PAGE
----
Last updated: March 16. 2013 8:15PM - 201 Views
By - mguydish@timesleader.com - (570) 991-6112

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KINGSTON – Hey, Leslie Nicholas, you just won a top national teaching award, what are you going to do now?

Literally the day after school gets out, I'm going to Brazil, Nicholas said.

Well, the veteran Wyoming Valley West teacher will be joined with 37 other teachers on that trip, awarded to teachers who were initially in the running for the award Nicholas ultimately won Friday: The National Education Association's Members Benefits Award for Teaching Excellence.

Last summer, the 38 candidates were trimmed to five, each receiving $10,000 courtesy of the Horace Mann Co. and the NEA Foundation. Those five gathered in Washington last Wednesday for a three-day event culminating in Friday's announcement of the winner.

Nicholas is no stranger to prominent awards. He was Pennsylvania Journalism Teacher of the Year in 2002, Pennsylvania teacher of the year in 2004, a Disney Teacher honoree in 2005, University of Pennsylvania Educator of the Year in 2005, Ron Clark Academy Greater American Teacher Award finalist in 2009, and 2009 recipient of the First Freedom Award given nationally for teaching and defending the First Amendment of the U.S. Constitution.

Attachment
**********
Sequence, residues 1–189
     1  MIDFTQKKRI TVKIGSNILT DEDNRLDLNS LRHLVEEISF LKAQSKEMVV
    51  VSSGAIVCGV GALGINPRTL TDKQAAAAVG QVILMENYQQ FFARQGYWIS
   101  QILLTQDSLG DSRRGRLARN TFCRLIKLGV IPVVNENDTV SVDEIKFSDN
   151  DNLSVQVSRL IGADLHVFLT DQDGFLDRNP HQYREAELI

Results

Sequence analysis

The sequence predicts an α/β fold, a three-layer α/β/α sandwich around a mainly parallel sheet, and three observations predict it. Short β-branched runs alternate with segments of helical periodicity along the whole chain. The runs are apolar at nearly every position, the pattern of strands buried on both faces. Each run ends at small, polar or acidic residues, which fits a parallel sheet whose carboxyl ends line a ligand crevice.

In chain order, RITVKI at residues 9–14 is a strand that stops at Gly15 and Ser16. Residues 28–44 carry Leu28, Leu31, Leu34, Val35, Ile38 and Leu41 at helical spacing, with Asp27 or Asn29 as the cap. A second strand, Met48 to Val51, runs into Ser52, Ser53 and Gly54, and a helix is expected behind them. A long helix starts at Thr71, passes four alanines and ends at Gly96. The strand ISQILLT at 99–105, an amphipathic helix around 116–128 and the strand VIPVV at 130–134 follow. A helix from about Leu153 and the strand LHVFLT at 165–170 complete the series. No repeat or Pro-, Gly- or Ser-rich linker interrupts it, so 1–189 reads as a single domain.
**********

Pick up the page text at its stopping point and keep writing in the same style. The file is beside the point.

Yet he concedes that, after meeting the other finalists, he was quite certain he didn't have a chance this time. The more I got to know them, the more I felt I just was not going to be in the running, Nicholas said.

He was so confident of not winning that when they announced the winner, he thought they were just recapping the five finalists. And after realizing he had won, he was so stunned he lost track of his own reactions.

I remember going up to the stage, and then I couldn't remember how I got there, he said. After his speech I was thinking, what did I just say?

All night long I couldn't catch up with what was happening.

Nicholas has always said the best thing about past awards was that, in most cases, he was nominated by a student. This time, it was fellow teacher and Wyoming Valley West Union President Linda Houck who tossed his name into the hat.

And it may be his last award. Though he wouldn't reveal any ideas about his future in the business, he cited some advice he received.

My brother lives in Arizona and he texted me and said, ‘OK, you can retire, there's nothing left.'

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